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SOS guide to flood damage

07 March 2013

The National Flood School has produced an online video guide providing guidance on how to limit the damage in the event of a flood or leak in a property

The National Flood School has produced an online video guide providing guidance on how to limit the damage in the event of a flood or leak in a property

The step-by-step video at:www.youtube.com/ nationalfloodschool guides people through some simple processes that can help get clean-up works on the right track and life back to normal as quickly as possible.

It is based on the research findings from the National Flood School, which since its launch in 1988, has been involved in teaching the theory, science and practice of water damage restoration in real-life circumstances.

To support its work, the National Flood School has built and uses The Flood House - located at its headquarters in Farnham, Surrey.

Believed to be the only purpose-built floodable house in Europe, the structure - comprising of eight rooms and 60 common household materials - is regularly flooded with 1500 gallons of water.

Chris Netherton, managing director of the National Flood School, said:"We have many 'floods' each year in the Flood House and as a result have researched and tested ways to reduce longer-term damage.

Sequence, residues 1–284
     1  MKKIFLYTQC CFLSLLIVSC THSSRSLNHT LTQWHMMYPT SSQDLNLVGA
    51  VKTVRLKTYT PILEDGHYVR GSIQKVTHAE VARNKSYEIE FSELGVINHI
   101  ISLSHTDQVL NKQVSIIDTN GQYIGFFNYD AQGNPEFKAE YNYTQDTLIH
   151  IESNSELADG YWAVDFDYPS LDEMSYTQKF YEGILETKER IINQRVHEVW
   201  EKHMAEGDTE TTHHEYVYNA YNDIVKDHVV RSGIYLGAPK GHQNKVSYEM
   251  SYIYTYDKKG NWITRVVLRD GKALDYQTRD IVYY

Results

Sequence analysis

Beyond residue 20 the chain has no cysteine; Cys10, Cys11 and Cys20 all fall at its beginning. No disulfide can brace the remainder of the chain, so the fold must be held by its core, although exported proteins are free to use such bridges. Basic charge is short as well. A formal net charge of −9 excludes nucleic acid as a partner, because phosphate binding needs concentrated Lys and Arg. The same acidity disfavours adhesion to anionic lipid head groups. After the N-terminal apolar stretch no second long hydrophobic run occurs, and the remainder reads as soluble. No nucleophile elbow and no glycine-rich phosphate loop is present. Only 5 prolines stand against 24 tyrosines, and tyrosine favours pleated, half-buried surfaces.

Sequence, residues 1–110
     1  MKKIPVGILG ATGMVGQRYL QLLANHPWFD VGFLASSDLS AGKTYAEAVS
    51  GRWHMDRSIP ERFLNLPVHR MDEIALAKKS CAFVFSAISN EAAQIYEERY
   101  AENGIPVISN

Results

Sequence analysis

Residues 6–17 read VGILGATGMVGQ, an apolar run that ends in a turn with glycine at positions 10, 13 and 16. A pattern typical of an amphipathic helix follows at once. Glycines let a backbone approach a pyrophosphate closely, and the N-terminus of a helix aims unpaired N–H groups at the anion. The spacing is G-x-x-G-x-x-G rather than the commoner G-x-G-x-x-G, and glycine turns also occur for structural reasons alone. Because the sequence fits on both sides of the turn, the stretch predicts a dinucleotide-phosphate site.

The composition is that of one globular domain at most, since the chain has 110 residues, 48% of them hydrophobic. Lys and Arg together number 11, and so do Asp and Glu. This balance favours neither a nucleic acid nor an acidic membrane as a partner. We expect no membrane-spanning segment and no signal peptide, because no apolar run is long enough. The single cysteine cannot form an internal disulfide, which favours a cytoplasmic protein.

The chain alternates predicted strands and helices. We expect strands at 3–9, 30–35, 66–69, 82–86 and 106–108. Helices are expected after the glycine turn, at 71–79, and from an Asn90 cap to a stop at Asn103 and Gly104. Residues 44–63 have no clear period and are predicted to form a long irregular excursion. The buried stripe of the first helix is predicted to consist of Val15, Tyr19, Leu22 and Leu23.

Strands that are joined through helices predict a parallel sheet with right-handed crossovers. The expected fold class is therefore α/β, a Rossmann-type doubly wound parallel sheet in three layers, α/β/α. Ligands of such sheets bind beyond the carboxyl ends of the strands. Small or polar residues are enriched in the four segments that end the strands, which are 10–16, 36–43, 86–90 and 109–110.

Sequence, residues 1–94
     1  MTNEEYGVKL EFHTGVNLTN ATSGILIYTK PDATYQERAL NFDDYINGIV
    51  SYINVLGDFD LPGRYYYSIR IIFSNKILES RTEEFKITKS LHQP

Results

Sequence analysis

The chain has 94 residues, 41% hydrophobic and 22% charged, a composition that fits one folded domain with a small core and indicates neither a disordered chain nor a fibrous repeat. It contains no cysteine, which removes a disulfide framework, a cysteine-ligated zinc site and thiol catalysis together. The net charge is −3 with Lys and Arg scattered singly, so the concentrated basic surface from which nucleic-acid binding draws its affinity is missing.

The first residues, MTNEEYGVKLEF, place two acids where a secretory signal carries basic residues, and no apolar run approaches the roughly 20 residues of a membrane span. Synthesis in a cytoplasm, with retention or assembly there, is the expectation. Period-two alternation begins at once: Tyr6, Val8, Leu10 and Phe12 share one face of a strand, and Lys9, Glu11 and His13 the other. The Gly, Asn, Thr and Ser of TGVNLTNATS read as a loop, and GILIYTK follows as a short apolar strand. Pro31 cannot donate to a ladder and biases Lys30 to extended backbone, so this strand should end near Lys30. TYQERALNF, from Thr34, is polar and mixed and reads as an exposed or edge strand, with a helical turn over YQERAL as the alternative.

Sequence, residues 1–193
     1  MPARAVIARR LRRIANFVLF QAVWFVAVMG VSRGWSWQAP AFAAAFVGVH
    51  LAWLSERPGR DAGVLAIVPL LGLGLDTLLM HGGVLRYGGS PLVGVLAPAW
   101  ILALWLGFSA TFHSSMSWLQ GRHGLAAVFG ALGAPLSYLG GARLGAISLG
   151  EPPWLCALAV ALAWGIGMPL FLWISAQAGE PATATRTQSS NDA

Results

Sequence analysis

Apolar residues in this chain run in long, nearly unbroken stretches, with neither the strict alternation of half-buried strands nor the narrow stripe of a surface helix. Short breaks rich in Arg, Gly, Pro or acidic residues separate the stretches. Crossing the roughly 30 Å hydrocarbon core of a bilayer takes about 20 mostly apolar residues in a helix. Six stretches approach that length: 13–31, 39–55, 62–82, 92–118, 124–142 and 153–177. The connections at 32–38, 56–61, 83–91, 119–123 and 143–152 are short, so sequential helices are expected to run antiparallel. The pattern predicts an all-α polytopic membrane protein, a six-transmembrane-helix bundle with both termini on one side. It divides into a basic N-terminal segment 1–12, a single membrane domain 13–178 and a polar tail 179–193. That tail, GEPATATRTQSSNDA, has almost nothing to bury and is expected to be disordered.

"After a pipe has burst or there's any type of leak or flood in a property, it is a natural process to want to start cleaning up as soon as possible.

"There are lots of things householders can do to help dry their property out, but there are also things that should be left in the hands of professional restorers.

"We've produced the video guide to let people know of the immediate actions they can take to protect furniture and fittings and preserve treasured items -such as jewellry, pictures and documents, ceramics." Tips from the National Flood School include: Turn off fuses to low-level sockets that may be affected by moisture.

Wash any non-absorbent items, such as glassware, fully glazed ceramics, pots and pans in hot soapy water.These should not require specialist restoration.

The longer any standing water is left, the more damage it can cause.

If it is safe to do so, remove the standing water by brushing, or with towels, as this may reduce damage to flooring and walls.

Many affected valuable and/or sentimental items, such photos, documents, books, jewellry and artwork that might appear beyond repair can be rescued, but this is generally a job for specialist restorers.As quickly as possible, put these in an unaffected area for technicians to inspect.Valuable documents for potential restoration should be wrapped in polythene and frozen to halt deteriation.

Any furniture that could be affected, or any porous or delicate fabrics, should be lifted.Where possible, to prevent further damage, do not put water-damaged items on top of unaffected items as this can cause further problems including possible staining or scratching.

Open windows and doors if safe to do so to encourage evaporation and use the clean fresh air to assist the drying of the property.

Ensure a highly-skilled restoration professional is appointed to continue the clean-up works.The National Flood School has recently introduced a new Contractor Endorsement scheme to help signpost consumers to a trusted network of professional flood restoration professionals.

The guide can also be downloaded as a PDF at www.nationalfloodschool.co.uk/downloads/NFS_SOS_Guide.pdf Videos about the contractor endorsement programme, the National Flood School and the Flood House all join the flood damage clean-up guide on the National Flood School's own YouTube channel www.youtube.com/nationalfloodschool